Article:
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Essential JavaScript

Working With Forms: An Introduction

03/09/2001

Also in Essential JavaScript:

Extending Dreamweaver: Let Dreamweaver Create Your Menus

Extending Dreamweaver with its JavaScript API

Accessing Dreamweaver's JavaScript API

Creating Themes with CSS and JavaScript

Parsing and DOM-Tree Building With JavaScript

Working With Forms: An Introduction

Forms are an important way to interact with web-site visitors. But, since their introduction in 1993, they have not changed much. From the user's point of view, they still might be good enough, even though they are missing fancier elements like tree controls or sliders. But from the programmer's viewpoint, they generally fall short of their potential.

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Often one of the missing but highly desired features is form validation. Validating a form means checking all required elements for valid data. An application performing form validation must take care that the form can't be submitted before all the elements are valid. If all preconditions match, a form can be submitted to the server and processed. Unfortunately, this functionality is absent in HTML today.

Using client- and server-side solutions

You have two options where to validate a form; either you choose a client-side or a server-side solution. Any of these has its advantages and limitations. For the final check you really need a server solution, because you can't be sure that the data has not been manipulated. On the other hand, a server solution is also slow and eats up bandwidth.

But, the most important argument for using a client-side solution is simply usability. A form just becomes more usable if the user receives an immediate feedback on his actions, which is one of the most important factors in successful GUI design.

JavaScript owes much of its popularity to this problem. Form components were the first elements of HTML that were exposed to the client through a common document object model. An abstract definition of a document object model was published by the W3C in DOM Level 1, the current recommendation is DOM Level 2. The rapid evolution of XML-based languages and applications influenced the development process, which means that the DOM is not bound to HTML any longer and is designed to work with all XML-based languages.

This is exactly the point for us to start -- when the DOM is not bound to HTML anymore. Why not extend documents by using your own language? But, before we talk about a JavaScript-driven solution, let's have a brief look at what (might) come next.

The next generation - XForms

The W3C noticed the demand for a better and more flexible forms concept. In Spring 2000, the XForms working group came out with their first requirements draft of XForms; the first working draft was published in December 2000.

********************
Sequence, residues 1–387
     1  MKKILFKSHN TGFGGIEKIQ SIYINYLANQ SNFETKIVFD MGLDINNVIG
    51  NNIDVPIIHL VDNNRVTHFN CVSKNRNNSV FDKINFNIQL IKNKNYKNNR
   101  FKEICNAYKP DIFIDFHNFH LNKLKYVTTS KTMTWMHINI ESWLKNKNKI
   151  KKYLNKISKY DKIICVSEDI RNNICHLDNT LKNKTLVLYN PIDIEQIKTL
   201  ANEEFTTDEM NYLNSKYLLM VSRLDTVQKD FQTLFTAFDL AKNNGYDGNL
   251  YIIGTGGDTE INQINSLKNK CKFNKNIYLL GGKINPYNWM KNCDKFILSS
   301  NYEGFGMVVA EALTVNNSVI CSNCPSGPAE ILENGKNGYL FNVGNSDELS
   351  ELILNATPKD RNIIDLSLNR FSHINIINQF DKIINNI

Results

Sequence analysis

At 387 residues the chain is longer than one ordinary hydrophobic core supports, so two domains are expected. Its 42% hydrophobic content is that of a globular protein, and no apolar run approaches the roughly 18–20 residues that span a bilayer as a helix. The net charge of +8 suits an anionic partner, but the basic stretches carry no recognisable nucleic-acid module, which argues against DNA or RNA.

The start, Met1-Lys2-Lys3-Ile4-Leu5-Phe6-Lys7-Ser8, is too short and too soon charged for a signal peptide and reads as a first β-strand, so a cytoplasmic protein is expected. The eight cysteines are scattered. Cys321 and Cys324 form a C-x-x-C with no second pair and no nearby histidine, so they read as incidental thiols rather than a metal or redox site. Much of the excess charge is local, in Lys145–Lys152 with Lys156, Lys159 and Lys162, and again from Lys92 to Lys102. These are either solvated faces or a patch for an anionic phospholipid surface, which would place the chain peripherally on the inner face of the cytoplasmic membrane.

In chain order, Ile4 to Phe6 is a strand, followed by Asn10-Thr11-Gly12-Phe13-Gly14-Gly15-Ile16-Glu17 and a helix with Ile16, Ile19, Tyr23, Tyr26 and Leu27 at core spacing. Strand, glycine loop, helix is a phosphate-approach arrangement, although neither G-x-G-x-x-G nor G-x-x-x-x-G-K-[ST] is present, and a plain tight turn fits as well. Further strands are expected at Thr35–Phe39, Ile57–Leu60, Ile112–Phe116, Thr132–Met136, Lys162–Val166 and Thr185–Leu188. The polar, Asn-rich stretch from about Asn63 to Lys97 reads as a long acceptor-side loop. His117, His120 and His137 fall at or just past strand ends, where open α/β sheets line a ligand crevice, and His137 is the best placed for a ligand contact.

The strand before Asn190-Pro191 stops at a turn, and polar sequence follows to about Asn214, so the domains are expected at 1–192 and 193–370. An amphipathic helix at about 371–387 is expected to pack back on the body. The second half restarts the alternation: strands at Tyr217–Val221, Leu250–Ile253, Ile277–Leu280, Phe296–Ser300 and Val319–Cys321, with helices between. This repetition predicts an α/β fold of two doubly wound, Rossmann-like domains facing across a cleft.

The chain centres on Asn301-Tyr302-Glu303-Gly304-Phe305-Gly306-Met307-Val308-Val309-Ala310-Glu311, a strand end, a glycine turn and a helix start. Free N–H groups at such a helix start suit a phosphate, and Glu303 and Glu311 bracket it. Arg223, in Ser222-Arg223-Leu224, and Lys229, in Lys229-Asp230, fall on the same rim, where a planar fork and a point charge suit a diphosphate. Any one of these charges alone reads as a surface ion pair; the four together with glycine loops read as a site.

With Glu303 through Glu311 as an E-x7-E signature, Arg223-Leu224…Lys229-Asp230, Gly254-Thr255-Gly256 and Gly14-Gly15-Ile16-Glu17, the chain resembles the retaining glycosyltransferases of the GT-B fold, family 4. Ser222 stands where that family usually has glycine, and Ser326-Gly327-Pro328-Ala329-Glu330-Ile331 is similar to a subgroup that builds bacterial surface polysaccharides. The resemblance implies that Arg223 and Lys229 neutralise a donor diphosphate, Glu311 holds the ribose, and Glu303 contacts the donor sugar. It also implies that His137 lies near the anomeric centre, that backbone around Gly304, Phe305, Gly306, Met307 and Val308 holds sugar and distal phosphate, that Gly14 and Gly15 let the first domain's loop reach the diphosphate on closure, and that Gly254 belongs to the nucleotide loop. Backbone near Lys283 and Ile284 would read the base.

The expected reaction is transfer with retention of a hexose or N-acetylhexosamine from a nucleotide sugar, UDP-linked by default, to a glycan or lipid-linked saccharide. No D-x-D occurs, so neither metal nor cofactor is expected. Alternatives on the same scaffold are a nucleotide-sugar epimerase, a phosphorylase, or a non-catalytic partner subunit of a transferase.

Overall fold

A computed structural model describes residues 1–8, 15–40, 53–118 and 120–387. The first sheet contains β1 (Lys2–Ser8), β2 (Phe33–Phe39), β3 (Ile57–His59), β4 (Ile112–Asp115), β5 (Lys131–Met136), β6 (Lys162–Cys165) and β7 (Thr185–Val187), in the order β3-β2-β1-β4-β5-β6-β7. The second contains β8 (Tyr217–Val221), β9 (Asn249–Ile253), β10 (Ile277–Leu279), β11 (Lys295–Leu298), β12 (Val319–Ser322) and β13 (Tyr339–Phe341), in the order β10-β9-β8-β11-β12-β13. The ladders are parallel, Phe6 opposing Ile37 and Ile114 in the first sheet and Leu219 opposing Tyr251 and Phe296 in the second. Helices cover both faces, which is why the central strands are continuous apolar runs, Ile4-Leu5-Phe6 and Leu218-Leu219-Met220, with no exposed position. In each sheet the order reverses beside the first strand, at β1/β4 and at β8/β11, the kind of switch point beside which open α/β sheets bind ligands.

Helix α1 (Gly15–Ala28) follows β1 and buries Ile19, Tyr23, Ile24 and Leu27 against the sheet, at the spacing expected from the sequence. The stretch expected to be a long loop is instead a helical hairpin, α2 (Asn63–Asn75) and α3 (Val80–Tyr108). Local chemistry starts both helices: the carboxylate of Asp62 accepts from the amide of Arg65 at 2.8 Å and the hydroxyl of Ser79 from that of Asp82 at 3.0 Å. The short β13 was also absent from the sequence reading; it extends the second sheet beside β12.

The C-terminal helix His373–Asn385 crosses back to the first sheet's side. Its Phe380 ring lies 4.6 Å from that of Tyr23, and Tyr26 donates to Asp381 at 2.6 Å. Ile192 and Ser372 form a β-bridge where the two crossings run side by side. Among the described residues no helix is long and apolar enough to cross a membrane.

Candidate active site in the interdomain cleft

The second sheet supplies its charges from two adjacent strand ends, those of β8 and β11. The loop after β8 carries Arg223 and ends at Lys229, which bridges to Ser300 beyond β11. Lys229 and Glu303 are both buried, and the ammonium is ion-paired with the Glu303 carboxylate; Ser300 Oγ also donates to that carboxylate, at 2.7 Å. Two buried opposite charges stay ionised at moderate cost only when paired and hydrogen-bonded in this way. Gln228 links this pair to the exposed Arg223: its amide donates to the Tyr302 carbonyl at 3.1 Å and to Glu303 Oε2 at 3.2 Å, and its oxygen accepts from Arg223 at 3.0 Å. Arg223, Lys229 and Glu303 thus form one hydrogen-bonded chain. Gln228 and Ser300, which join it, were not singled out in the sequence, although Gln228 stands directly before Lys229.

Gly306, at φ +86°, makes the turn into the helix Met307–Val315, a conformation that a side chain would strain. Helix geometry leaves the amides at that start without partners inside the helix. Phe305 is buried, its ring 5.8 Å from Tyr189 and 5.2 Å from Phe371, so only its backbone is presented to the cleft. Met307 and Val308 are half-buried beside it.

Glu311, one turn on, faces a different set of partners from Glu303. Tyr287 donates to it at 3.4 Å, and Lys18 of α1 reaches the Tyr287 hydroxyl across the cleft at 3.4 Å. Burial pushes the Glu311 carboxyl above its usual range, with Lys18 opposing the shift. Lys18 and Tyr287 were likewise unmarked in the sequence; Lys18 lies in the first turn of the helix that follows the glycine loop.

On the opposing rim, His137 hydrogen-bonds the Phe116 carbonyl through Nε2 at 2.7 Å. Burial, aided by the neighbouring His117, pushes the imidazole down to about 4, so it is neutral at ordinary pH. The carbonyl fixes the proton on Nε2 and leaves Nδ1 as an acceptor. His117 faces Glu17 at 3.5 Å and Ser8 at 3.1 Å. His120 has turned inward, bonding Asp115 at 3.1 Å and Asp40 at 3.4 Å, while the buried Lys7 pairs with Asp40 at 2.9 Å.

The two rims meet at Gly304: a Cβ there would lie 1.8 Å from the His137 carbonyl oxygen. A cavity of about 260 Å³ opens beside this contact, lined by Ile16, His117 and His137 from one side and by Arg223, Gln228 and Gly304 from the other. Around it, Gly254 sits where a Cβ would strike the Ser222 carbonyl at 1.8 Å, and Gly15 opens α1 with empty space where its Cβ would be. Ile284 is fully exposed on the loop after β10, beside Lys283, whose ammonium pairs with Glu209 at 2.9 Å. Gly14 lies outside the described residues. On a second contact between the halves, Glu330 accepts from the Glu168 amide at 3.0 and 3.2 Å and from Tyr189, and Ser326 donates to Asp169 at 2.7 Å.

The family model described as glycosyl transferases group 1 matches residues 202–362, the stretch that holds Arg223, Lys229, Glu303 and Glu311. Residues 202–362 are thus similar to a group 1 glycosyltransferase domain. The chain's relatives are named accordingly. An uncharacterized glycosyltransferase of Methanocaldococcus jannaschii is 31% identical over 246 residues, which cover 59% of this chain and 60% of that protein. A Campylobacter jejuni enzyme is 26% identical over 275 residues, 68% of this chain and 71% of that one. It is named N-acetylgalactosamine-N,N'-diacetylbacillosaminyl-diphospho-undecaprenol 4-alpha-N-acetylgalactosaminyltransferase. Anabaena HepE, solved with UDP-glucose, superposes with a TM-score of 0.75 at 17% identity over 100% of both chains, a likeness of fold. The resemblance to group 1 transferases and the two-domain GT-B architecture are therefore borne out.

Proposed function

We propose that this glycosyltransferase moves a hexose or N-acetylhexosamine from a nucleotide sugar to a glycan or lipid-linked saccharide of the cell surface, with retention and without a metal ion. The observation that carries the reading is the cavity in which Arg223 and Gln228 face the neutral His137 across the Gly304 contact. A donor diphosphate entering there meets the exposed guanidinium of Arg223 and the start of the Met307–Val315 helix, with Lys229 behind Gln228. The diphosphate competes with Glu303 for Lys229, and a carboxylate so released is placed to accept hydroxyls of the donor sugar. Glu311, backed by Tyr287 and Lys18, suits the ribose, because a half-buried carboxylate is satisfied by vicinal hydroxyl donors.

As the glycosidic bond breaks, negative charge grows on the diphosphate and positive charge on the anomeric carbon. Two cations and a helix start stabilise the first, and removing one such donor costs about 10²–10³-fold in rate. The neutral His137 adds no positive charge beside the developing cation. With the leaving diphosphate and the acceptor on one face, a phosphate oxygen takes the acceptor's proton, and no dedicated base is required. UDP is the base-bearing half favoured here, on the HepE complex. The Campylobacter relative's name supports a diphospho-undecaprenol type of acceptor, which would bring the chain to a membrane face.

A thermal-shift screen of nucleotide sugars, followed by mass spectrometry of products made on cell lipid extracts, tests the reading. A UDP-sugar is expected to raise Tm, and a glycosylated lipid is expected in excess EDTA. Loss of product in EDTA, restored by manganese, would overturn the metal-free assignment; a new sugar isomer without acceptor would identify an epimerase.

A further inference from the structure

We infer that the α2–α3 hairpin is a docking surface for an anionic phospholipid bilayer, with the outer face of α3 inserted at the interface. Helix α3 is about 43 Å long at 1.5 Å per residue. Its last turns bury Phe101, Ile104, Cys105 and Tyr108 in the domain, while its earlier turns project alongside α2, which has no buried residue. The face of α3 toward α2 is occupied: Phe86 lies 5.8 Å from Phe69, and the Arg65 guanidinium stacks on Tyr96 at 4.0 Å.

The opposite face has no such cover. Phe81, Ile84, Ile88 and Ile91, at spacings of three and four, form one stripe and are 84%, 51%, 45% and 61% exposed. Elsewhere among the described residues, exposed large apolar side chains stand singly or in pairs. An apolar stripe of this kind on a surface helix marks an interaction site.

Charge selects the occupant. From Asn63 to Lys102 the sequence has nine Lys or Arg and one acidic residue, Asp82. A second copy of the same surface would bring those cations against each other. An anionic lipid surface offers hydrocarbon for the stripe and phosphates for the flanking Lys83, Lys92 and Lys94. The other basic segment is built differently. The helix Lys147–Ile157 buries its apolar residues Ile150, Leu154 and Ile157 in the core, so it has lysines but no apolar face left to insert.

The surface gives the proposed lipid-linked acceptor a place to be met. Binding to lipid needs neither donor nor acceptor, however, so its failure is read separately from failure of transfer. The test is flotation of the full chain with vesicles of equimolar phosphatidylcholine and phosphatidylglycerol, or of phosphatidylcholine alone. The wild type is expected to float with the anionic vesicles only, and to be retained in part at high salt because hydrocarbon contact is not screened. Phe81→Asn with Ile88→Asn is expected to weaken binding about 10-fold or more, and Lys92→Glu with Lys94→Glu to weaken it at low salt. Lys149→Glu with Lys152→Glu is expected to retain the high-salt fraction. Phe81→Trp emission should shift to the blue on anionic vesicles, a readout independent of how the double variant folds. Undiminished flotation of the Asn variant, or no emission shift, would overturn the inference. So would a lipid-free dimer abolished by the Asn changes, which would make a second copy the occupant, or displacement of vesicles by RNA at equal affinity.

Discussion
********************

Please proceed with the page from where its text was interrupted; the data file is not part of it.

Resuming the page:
XForms was designed to serve as a replacement for existing forms. The logic, data, and presentation are separated from each other, thus making XForms independent of a specific implementation or application. The goal is to use XForms as an addition to other languages like SVG, WML, etc. Another important issue is to implement new elements like the already mentioned tree element or a color chooser. If you are interested in more information about XForms, you should visit their home page.

The W3C's mills work slowly however, so we'll most likely be forced to stick to existing HTML forms and their existing elements for quite some time. This gets even worse if you consider how long it takes for a new standard to spread after it has been released.

On the other side, XForms are far more complicated than HTML forms. Even though new languages are being integrated into the Web every day, HTML continues to survive. This is undoubtedly because of its simplicity.

The solution

So, why wait for the heavyweight specs to arrive? As I mentioned before, why not extend forms yourself by creating some pragmatic advances?

The Document Object Model is not another language; it's a tool to work with XML-based languages. It provides an abstract view to a document, no matter in which language it might be coded. Plainly speaking, all the DOM is interested in are nodes and parent-child relations between those nodes. On the other hand, one of XML's basic concepts is interoperability between XML-based languages.

Shaking in a little pinch of JavaScript provides the solution: We are able to define a new language conforming to XML which only consists of a set of attributes and is mixed into the existing HTML pages. These attributes describe the elements, whether they are required, which content type they must have, etc. All we need to make this work is an interpreter that translates the newly defined attributes into already supported functionality after the document has been loaded.

This solution not only has the advantage of separating the logic and the code; it's also much easier to read and remember. But there is also another advantage: Because we code our extensions in a well-defined format, it's easy to translate it into other formats as well. You could create a Perl script, which takes the HTML code of the form and creates a server-driven form validation solution, for example. The day XForms come out, you will be able to translate your existing codes, also.

Next week we'll have a look at the ForX docs, then dive into the implementation details. Plus I'll explain further enhancements to our new project, so stay tuned.

Claus Augusti is O'Reilly Network's JavaScript editor.


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